Bluetooth Versions Walkthrough, and Bluetooth 4.0 Low Energy Development Resources

I’ve seen more and more Bluetooth 4.0 LE devices in the last few months including RFDuino, Wimoto Motes, TI SensorTag, and Scadanu Scout, so I thought it would be good to write a bit about Bluetooth. First, I’ll write about the different version of Bluetooth, since I was still confused with the practical implications between the versions, and then I’ll show some development kits and software resources to play around and/or develop Bluetooth 4.0 LE applications both on devices and hosts. Bluetooth Versions Bluetooth v1.0 and v1.0B The Bluetooth 1.0 Specification was released in 1999, and according to an entry in Wikipedia, 1.0 and 1.0B devices had many issues, mainly interoperability issues. You won’t find any Bluetooth 1.0 device today. Bluetooth v1.1 Bluetooth v1.1 was ratified as IEEE Standard 802.15.1-2002 in 2002. It fixed many issues found in the previous specifications, added the option to use non-encrypted channels, as well as Received Signal Strength Indicator (RSSI). This standard has been …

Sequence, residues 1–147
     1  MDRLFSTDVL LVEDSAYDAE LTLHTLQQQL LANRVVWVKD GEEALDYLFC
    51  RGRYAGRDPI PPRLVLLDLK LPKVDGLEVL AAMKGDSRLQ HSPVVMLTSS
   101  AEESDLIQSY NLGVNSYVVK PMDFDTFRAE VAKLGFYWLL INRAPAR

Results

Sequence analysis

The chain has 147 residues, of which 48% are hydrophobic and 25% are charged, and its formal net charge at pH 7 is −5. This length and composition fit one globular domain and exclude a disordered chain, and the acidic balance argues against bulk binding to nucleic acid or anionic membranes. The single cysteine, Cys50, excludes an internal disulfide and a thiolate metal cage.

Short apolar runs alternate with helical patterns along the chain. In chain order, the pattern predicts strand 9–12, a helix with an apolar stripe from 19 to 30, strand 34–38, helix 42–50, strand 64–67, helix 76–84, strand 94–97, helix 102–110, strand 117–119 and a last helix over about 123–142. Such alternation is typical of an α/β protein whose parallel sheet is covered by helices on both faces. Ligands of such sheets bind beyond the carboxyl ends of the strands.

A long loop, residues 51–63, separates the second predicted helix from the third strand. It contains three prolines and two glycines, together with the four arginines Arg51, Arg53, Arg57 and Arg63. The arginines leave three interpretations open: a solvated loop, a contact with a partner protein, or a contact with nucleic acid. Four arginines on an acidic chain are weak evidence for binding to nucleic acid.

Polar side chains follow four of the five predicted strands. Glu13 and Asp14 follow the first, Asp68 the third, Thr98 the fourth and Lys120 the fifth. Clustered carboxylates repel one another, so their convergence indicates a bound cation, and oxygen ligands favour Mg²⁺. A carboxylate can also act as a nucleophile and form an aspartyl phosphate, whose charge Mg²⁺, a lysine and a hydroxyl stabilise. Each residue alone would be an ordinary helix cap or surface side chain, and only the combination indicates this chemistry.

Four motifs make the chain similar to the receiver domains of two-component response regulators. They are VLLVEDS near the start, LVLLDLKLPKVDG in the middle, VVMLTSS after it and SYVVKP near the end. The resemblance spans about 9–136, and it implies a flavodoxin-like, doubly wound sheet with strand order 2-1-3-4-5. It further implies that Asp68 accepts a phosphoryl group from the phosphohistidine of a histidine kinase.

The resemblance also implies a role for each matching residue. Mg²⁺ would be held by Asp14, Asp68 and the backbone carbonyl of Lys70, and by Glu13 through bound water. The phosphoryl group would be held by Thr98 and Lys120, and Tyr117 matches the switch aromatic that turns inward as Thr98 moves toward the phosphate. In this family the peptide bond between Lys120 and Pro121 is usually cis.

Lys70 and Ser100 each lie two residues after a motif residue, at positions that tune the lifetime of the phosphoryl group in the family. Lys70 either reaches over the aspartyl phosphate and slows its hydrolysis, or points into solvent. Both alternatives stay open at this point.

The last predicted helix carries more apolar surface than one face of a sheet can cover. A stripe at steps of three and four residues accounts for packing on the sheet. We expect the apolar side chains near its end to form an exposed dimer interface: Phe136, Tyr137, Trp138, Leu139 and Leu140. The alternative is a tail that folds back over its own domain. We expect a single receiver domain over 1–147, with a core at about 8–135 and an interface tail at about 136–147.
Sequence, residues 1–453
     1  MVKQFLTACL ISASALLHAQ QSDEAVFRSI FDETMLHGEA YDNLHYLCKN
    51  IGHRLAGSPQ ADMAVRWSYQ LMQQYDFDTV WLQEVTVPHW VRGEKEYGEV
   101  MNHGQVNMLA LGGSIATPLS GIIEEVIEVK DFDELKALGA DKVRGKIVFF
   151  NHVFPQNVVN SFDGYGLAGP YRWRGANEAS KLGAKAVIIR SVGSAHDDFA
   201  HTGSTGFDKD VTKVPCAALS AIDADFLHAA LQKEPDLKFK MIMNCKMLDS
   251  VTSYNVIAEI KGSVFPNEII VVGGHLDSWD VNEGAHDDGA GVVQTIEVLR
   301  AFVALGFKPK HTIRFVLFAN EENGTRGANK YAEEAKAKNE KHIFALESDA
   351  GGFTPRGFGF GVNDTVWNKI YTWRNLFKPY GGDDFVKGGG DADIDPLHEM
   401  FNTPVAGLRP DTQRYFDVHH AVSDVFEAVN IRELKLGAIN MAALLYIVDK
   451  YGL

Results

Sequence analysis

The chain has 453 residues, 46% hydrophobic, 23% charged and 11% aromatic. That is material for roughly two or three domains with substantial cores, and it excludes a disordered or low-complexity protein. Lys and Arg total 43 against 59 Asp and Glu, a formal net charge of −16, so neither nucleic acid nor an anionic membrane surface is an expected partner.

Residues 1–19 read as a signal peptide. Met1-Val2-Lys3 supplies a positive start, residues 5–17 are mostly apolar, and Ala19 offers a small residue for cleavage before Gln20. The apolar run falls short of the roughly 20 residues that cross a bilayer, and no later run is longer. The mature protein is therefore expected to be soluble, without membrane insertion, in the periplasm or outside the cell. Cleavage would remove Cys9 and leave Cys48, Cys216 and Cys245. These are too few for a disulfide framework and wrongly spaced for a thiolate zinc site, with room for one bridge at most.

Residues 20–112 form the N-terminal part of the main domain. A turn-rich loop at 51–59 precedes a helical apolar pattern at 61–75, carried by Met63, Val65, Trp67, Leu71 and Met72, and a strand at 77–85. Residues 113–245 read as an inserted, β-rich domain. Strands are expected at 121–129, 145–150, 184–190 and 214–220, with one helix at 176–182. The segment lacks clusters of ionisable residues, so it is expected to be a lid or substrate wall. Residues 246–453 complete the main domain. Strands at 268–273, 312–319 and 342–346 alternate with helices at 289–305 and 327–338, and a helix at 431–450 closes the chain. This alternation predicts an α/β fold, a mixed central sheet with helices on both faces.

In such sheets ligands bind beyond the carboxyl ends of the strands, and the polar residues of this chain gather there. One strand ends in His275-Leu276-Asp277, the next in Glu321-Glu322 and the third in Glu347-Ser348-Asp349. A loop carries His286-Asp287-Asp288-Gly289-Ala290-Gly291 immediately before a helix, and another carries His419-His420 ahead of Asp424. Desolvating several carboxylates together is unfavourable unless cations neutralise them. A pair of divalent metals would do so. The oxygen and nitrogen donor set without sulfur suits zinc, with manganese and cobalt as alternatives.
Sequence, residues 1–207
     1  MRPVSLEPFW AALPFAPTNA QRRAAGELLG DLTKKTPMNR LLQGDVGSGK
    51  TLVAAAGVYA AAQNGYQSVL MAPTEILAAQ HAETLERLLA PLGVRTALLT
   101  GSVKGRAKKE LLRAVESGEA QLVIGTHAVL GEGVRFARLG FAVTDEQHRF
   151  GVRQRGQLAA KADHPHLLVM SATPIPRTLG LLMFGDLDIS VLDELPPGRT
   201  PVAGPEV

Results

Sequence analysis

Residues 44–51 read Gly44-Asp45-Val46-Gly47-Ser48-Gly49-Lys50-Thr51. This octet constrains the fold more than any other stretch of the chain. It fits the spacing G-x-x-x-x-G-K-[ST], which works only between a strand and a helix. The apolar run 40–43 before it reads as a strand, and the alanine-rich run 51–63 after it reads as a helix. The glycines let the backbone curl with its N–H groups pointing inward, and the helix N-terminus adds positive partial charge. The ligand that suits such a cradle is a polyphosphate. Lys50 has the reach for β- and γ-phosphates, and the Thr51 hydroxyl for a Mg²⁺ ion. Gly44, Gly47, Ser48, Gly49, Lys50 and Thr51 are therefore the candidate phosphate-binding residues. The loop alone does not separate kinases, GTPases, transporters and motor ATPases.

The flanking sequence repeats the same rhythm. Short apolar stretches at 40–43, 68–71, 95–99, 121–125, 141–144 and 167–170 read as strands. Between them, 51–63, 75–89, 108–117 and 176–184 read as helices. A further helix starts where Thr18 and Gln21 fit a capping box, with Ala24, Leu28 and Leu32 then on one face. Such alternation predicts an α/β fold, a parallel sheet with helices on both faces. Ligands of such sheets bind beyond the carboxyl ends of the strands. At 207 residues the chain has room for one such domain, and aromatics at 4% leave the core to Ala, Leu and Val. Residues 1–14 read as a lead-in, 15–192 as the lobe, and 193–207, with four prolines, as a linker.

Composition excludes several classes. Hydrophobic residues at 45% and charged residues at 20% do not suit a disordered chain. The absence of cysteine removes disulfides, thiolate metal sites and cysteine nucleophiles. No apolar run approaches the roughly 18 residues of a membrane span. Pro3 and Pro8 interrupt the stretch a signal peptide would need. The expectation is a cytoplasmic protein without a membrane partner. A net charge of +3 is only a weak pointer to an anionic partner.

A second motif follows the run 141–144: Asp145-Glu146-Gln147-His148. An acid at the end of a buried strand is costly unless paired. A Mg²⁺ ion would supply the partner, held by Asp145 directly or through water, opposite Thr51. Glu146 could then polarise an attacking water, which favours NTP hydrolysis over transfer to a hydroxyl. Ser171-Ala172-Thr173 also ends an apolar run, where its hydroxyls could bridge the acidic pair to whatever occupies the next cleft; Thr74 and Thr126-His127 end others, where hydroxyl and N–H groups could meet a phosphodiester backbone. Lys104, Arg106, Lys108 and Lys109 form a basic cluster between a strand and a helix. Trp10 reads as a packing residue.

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Wimoto Motes are Tiny Bluetooth Sensors for iOS, Android, and Linux Devices

Wimoto Motes are small (30x30x8mm) wireless sensors that communicate temperature, humidity, soil moisture… values to your iPhone, iPad, Android, and Linux (yes, including the Raspberry Pi) devices via Bluetooth. They are said to last for about a year on a single CR2032 battery and don’t require an Internet connection to work, but you can still upload your data to Wimoto cloud service via the app, or use an optional mote.cloud bridge to do it for you in realtime via Wifi. There are currently 4 Motes: Climote – Measures light (0 to 60,000 lux), temperature (-25 to 85 C) and humidity. Used to monitor a room environment (bedroom, cellar, greenhouse,…), and tell you if you need to make adjustment Growmote – Measures sunlight (0 to 60,000 lux), soil moisture (5 levels) and temperature (-25 to 85 C), to make sure your lawn or flowers are not  thirsty. Thermote – Measures an object temperature (-40 to 125 C) via infrared, so it does not …

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